The hill is finally snow covered. Actually, camp is snow buried. For those of you that have seen me at a snow camp, what I’m about to write might surprise you. My heart sinks when the snow starts falling. There’s no arguing the snow is beautiful. Clothed with adequate warm weather attire I love to go tubing, snow shoeing, skiing, snow painting or falling in the snow to make a snow angel. What I hate about snow is driving in it! I hate the fact that the roads I drive daily become unpredictable and dangerous. The additional travel time is detrimental to a chronically tardy person. I don’t enjoy the increase of blood pressure and white knuckles that are my body’s response to driving in the snow.
The other day I was lamenting all of the above as I watched Tuna drive away in inches of snow towards Killington. It’s so natural for Tuna to drive in the snow. As I pondered the many differences between us small indentations in the snow caught my eye. The indentations led straight to a tree. My gaze then caught another set of tracks. These were much bigger leading from the road to the woods. I was suddenly reminded that I am not the only one adversely affected by the snow. As the snow gets deeper moving around the woods becomes more challenging for some animals. The whereabouts of animals become more easily detected after a fresh snow fall. Despite the increased challenge, God gives these animals adaptations to make snow survival more possible. I was reminded of the adaptation God has given me in an AWD Subaru to get around in the snow. Despite my fear, I can usually get where I need to go in the snow.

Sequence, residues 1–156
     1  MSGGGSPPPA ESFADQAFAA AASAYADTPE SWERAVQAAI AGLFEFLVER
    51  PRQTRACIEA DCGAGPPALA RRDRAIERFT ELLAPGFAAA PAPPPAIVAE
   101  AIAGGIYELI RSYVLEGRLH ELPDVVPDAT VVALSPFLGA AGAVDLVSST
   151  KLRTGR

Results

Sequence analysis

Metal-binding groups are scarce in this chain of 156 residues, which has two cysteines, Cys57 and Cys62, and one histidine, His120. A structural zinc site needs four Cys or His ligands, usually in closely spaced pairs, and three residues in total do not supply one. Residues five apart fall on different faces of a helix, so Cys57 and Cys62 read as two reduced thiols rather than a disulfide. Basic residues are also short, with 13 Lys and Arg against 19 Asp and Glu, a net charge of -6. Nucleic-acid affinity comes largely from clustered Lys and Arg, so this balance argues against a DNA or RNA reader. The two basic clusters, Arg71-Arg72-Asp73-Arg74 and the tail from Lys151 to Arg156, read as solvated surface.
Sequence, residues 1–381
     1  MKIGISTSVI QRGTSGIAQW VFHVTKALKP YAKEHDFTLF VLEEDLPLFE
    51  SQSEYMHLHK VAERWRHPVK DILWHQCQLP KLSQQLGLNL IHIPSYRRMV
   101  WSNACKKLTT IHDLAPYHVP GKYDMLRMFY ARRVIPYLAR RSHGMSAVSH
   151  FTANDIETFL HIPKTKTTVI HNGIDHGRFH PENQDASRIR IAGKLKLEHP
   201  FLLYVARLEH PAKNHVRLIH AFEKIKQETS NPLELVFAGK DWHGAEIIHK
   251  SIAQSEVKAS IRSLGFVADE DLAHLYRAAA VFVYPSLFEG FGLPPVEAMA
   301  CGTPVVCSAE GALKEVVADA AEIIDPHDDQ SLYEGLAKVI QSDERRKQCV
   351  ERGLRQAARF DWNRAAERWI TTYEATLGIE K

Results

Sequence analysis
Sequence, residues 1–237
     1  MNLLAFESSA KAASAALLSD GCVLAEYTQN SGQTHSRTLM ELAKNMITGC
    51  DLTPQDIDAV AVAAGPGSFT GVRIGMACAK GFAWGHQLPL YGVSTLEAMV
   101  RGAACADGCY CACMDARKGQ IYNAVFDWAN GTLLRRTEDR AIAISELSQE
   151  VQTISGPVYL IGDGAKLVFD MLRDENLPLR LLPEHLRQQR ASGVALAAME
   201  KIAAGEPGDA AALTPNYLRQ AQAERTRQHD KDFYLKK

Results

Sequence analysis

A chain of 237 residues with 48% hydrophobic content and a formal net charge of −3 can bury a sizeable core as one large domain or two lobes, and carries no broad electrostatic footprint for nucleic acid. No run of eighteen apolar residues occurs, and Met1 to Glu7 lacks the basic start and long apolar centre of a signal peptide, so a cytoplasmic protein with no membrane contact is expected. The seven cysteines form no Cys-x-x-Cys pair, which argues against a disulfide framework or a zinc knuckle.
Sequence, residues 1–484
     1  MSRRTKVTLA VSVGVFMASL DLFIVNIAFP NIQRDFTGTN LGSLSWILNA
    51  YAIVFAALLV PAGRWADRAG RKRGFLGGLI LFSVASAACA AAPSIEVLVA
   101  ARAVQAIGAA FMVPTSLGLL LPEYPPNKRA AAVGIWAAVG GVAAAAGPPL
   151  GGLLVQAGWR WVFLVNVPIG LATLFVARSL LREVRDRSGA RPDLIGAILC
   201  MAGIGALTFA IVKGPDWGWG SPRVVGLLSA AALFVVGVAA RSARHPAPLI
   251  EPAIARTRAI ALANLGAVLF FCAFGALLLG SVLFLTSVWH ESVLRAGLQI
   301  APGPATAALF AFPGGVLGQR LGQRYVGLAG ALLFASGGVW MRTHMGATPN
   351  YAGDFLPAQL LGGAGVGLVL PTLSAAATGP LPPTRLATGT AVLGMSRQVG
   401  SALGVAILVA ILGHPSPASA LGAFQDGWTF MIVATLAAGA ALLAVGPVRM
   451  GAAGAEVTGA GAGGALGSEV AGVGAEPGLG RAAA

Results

I hope that someday I become more comfortable traveling in the snow but after 5 winters of white knuckled driving on the hill I’m not so sure I will. At camp we often look around us to attempt to learn from nature. Seeing animal tracks in the snow reminds me that despite increased challenge, fear and adversity God gives each creature the resources required to live. (Philippians 4:19) God provides us with whatever we need to make our mission possible.
Come see for yourself, join me on the hill this winter for some animal tracking:)